The grading system in Geometry this year was described to the students with the following description:
The final concept grade will be out of a grade of 8. The best you can do on the first quiz is a 4 out of 8 (50%). Every concept will quizzed at least twice. If the second grade is higher than the previous grade, then you double the new grade. Otherwise you add the two grades together. Here are some examples:
- 3 on the first, 4 on the second, means a 8 / 8 grade
- 2 on the first, 2 on the second, means a 4 / 8 grade
- 4 on the first, 3 on the second, means a 7 / 8 grade
- 2 on the first, 2 on the second, 4 on the optional (after school) quiz, means a 8 / 8 grade
That is how the grading system ran for three quarters. For the fourth quarter, I made one small change: The first assessment of a concept was not graded and just feedback was given. In reality this meant that their grade for an assessment was based solely on one assessment, and this was usually a week behind when we actually worked on that concept in class.
At first they didn’t like the change because I think they were relying on the grade to tell them all the information. But after a week they had gotten used to it and I heard no complains.
Pros To Feedback Only On The First Assessment
- Students actually read the feedback and they asked more questions about stuff they didn’t get.
- Students moved one step up a cognitive scale. They took the feedback and tried to put themselves in my shoes and give themselves a grade.
“Oh, I’d only get a 3.5 because I screwed up solving the equation.”
“This is only a 1 or 2 because I have no idea what I’m doing on this concept.”
- Despite my initial fears, the students still worked on a concept quiz that they knew wasn’t going to be graded. I was worried that they’d leave it blank, or give it a cursory try, but there was no drop in effort on the first assessment.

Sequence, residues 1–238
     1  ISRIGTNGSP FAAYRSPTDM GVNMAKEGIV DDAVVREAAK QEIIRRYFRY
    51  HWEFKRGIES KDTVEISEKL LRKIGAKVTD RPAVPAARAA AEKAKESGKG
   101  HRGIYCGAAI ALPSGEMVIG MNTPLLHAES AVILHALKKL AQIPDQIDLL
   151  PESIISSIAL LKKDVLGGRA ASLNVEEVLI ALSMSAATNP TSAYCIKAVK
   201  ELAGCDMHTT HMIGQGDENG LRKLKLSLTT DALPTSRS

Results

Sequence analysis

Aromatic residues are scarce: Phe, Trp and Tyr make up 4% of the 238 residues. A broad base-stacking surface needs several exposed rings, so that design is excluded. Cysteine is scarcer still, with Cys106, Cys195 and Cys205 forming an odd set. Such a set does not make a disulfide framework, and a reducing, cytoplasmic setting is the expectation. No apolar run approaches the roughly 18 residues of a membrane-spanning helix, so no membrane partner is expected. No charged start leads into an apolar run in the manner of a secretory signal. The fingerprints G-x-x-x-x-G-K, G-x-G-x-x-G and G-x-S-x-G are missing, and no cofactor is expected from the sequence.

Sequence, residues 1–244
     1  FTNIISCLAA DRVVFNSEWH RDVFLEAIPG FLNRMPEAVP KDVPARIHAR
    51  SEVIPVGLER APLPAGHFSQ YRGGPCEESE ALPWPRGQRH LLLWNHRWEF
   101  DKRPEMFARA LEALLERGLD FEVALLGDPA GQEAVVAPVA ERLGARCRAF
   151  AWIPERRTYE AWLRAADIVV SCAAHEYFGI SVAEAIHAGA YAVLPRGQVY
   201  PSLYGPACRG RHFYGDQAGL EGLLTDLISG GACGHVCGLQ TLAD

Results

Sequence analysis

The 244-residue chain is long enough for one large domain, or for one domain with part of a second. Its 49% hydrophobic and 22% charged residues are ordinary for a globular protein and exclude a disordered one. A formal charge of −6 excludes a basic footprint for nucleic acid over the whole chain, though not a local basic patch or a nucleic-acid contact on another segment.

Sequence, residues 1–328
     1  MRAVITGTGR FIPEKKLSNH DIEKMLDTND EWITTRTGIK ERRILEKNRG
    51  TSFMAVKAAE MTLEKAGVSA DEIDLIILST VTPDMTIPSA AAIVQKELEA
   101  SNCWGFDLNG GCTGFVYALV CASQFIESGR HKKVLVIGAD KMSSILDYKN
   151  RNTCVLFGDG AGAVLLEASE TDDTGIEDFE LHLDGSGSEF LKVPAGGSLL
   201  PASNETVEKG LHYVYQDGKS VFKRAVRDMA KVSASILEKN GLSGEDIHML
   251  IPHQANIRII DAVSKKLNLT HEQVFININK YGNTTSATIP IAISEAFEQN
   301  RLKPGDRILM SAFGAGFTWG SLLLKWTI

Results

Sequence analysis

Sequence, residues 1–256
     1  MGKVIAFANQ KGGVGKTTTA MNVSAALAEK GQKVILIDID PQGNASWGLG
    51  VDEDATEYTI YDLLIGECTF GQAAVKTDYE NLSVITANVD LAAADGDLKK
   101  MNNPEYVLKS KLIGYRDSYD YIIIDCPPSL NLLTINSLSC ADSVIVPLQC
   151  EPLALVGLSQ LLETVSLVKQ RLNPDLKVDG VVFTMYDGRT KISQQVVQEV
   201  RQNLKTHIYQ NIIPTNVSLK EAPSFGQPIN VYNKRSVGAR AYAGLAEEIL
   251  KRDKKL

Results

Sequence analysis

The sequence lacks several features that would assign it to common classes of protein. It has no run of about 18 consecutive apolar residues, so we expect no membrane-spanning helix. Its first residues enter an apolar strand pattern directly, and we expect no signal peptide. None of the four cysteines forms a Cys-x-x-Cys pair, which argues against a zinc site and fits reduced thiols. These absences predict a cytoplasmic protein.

- My grade book became a lot easier to manage and explain. The grade on the second look was their grade and any reassessments after school simply replaced the old grade.
Cons To Feedback Only On The First Assessment
- Many students still walked into the second reassessment over confident despite the feedback on their first assessment. They knew that they could retake if they needed and buy cialis online legally so not enough effort was being made to knock the assessment out of the park on the first pitch that counted.
- Sometimes a kid’s grade on a concept may be a bit lower. If they would have gotten a 4 then a 3.5 on the second assessment then their old grade would be a 7.5/8 and their new grade would be a 7/8. Not a biggie, but it lead to some unnecessary reassessments for the few grade grubbers that I have.
Overall I’ve increased the length and breadth of my feedback to the students. After being goaded into writing more feedback, I’ve written more on students quizzes than ever before.
I started the year off by giving a grade and some feedback.
To me it looks like this:
But to most students it looks like this:
So I’ve come up with the following inequality (nerd!) to describe the situation:
Feedback > Feedback + Grade > Grade
Do you have any feedback? If you do give me feedback with a grade, be careful, I may not read the feedback carefully.
Update (6/17/2011): Just found this post from (6/6/2011) that talks about very similar things in a great way: http://symmetricblog.wordpress.com/2011/06/06/sbf/
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